PARIS, JULY 28 -- Foreign Minister Roland Dumas expressed hope today that France's release of a Lebanese man and four accomplices convicted of terrorism ordered by Iran will lead to freedom for all Western hostages in Lebanon.

The French hopes coincided with a prediction in the Tehran Times, an English-language newspaper close to supporters of President Ali Akbar Hashemi Rafsanjani, that Friday's decision by President Francois Mitterrand could "facilitate the Islamic Republic's humanitarian efforts to convince the Lebanese groups to free the hostages."

Neither Dumas nor the Iranian newspaper provided any concrete indication that the shadowy Lebanese groups that hold U.S. and European hostages are ready to let them go. But both seemed to be saying that a step such as liberating Anis Naccache and the other four terrorists, all of whom had been in French prisons for the past 10 years, could make release of the remaining hostages more likely.

Sixteen Western hostages, including six Americans, are believed to be held in Lebanon by Moslem radicals connected with Hezbollah, the Iranian-backed Shiite militia. The longest held captive is Terry Anderson, chief Middle East correspondent for the Associated Press, who was kidnapped March 16, 1985.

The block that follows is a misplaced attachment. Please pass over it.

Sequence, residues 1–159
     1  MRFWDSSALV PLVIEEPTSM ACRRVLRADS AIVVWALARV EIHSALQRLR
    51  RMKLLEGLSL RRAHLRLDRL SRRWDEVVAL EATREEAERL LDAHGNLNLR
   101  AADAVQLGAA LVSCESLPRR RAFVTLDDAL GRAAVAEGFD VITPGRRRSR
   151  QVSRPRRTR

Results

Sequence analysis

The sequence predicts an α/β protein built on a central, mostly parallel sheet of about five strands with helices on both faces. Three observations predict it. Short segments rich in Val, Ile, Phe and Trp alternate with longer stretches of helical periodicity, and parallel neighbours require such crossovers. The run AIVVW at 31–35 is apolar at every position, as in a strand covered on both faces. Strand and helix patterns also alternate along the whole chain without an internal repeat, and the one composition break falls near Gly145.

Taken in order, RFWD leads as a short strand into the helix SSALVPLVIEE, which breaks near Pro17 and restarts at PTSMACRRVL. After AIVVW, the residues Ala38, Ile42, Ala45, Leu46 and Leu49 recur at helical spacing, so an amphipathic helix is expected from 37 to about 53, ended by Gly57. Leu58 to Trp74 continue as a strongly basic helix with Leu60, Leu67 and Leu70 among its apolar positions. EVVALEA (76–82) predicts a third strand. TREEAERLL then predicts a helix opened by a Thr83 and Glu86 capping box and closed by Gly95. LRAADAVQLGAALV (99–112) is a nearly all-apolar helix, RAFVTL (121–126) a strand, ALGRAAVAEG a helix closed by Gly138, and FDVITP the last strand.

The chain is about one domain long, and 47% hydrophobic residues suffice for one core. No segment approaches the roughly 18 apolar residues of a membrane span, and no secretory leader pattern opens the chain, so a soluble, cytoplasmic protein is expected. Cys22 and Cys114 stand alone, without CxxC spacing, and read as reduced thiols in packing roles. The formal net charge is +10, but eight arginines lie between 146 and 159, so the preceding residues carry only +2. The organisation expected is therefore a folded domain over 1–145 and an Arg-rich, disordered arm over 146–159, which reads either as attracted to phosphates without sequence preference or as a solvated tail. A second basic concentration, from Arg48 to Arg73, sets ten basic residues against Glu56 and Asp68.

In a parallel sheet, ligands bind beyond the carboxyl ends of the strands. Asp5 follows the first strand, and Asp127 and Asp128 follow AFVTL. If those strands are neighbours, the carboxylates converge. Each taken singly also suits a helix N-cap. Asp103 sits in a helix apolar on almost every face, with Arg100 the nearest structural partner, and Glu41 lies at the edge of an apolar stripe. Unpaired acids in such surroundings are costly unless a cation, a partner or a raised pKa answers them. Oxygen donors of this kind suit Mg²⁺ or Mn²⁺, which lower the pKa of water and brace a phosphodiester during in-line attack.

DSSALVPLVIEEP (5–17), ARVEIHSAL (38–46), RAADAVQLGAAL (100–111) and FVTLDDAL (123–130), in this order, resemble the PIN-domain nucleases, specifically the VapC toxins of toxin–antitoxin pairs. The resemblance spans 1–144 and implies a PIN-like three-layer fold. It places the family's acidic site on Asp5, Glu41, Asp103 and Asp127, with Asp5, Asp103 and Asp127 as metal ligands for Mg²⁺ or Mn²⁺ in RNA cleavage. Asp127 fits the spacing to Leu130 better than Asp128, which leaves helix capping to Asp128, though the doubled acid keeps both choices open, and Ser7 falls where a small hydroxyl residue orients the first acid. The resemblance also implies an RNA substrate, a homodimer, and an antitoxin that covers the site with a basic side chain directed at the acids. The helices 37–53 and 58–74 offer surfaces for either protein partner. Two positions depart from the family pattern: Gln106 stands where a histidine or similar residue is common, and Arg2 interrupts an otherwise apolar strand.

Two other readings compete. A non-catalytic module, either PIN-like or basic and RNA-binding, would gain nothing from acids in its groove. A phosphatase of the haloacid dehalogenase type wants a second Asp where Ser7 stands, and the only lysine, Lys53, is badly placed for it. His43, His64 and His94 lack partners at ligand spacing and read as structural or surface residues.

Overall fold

Asked what France expects in return for freeing Naccache, Dumas told the Paris newspaper Le Monde: "General pacification, a lowering of tensions in the region and, I also hope -- we are working on it -- the release of all Western hostages still held."

The imprisonment of Naccache, 40, had been a bone of contention between France and Iran since July 18, 1980, when he and his four accomplices botched an attempt here to assassinate Shahpour Bakhtiar, Iran's prime minister before the 1979 Islamic revolution. Bakhtiar escaped unhurt, but a French policeman and a passerby were killed, and a second policeman suffered wounds that paralyzed him for life.

Iran maintained a particular interest in Naccache, French anti-terrorism experts said, because he had been sent to Paris by Iranian officials close to the late Ayatollah Ruhollah Khomeini to kill Bakhtiar.

It was against that background that Dumas suggested that Naccache's release could smooth the way for efforts to free Western hostages.